Orchestra Digest: March 2nd

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This week: New hires in Windsor and Edmonton; a shocking death in San Francisco; the Minnesota lockouts' impacts on freelancers; and critical takedowns of operatic productions, and of the Pope. Here are stories we're following, in the news and on the web....

 
  • front page story in the Minneapolis Star Tribune assesses the lockout's impact on the Twin Cities' freelance musicians, as well as on the regular members of the Minnesota Orchestra and St. Paul Chamber Orchestra. As some musicians pick up gigs around the country, many have had very little work at all, and a thriving freelance scene has withered. CBS News tallied the overall losses to the local economy: as much as $30 million if the entire season is canceled.
  • This week SPCO musicians rejected management's "play-and-talk" proposal, but talks continue and the two sides "have nudged closer to an agreement", the Star Tribune reports.
  • The Windsor Symphony named its new Music Director this week: Robert Franz will take the helm beginning in 2013-14, succeeding Music Director Laureate John Morris Russell, the Windsorite blog reports
  • Another notable new hire in Edmonton: Robert Uchida, the current concertmaster of Symphony Nova Scotia, will join the Edmonton Symphony as concertmaster beginning this August, the Edmonton Journal reports.
  • Opera fans in New York will get a price break next season: the Metropolitan Opera is lowering its ticket prices by an average of 10%, the New York Times reports. Attendance has fallen this season, and general manager Peter Gelb acknowledged that prices had risen too high. The Met also announced details about new productions for 2013-14.
  • U.S. cultural institutions of all sorts have been bracing for federal spending cuts known as "sequester", effective yesterday as the Washington Post reports. Across-the-board cuts of 5-6% will cause furloughs and delayed maintenance at museums and performing arts venues nationwide.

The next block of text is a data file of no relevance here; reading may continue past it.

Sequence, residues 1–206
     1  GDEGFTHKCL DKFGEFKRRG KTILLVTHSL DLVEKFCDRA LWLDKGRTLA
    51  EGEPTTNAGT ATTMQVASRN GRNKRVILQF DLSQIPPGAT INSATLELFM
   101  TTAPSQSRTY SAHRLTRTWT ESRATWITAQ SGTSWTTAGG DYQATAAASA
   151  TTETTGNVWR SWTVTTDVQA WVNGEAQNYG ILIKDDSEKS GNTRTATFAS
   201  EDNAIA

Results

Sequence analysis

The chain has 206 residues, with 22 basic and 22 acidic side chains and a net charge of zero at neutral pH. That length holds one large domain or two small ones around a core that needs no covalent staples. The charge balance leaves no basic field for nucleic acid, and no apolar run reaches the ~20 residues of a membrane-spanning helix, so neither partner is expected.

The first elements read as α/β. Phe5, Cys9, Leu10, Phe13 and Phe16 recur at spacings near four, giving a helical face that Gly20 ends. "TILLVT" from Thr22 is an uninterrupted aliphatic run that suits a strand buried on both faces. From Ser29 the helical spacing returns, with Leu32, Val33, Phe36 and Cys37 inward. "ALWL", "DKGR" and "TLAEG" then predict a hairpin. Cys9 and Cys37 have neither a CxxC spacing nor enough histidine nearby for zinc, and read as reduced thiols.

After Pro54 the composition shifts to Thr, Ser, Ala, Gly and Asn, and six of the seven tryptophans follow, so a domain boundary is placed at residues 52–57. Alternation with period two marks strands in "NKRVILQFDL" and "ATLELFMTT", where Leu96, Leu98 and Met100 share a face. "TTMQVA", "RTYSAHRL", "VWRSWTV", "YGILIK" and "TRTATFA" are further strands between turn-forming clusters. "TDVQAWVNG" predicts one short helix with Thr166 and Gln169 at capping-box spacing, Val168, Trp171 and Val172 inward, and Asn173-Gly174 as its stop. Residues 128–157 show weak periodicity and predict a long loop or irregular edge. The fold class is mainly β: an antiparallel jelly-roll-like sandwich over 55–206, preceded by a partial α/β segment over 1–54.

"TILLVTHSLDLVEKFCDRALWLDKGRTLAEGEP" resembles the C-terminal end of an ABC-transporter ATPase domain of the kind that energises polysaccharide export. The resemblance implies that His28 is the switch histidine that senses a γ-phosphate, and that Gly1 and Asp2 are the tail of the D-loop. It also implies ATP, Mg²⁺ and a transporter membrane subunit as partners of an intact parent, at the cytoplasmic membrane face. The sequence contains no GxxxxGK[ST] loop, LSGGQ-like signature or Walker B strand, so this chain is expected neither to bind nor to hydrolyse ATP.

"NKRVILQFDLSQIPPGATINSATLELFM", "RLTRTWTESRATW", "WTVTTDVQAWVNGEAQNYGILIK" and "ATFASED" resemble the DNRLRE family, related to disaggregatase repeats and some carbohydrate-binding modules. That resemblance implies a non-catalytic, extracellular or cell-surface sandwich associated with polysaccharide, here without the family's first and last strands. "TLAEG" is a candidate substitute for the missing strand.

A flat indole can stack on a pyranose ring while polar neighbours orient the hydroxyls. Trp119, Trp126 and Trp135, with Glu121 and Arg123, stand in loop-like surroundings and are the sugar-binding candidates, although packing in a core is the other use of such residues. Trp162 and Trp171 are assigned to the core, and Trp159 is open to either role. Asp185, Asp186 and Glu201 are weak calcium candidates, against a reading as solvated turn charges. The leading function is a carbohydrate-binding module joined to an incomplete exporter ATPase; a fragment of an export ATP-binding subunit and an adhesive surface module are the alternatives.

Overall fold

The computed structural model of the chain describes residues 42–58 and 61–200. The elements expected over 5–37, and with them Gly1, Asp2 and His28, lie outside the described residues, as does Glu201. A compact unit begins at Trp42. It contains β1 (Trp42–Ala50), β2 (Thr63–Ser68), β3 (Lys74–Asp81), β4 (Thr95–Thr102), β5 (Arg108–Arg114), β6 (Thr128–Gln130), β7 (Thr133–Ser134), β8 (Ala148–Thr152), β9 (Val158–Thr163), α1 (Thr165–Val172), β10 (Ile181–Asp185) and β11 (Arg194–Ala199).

• As changes to Canada's Employment Insurance program have gone into effect, some E.I. recipients have been surprised by house calls, CBC reports. The in-person visits by HRSDC employees are intended to eliminate fraudulent claims, but opposition MPs have spoken out against them, saying they risk "intimidation" and treating laid-off workers as criminals.
  • And NPR asks: What would the Pope program? Pope Benedict XVI's musical tastes fall to the straight and narrow, NPR's Deceptive Cadence blog reports, favouring Mozart and Beethoven. The outgoing pope is an amateur pianist and also a recording artist, of sorts -- his Alma Mater album was lambasted by Guardian music critic Tom Service as "pseudo-spiritual soup of intoned prayer, bstardiased Gregorian chant, syrupy orchestral arrangements and portentous vocalizing."
Compiled by Matt Heller, OCSM President. Sources include the discussion groups of ICSOM and ROPA. Visit OCSM online at: http://ocsm-omosc.org/index.php
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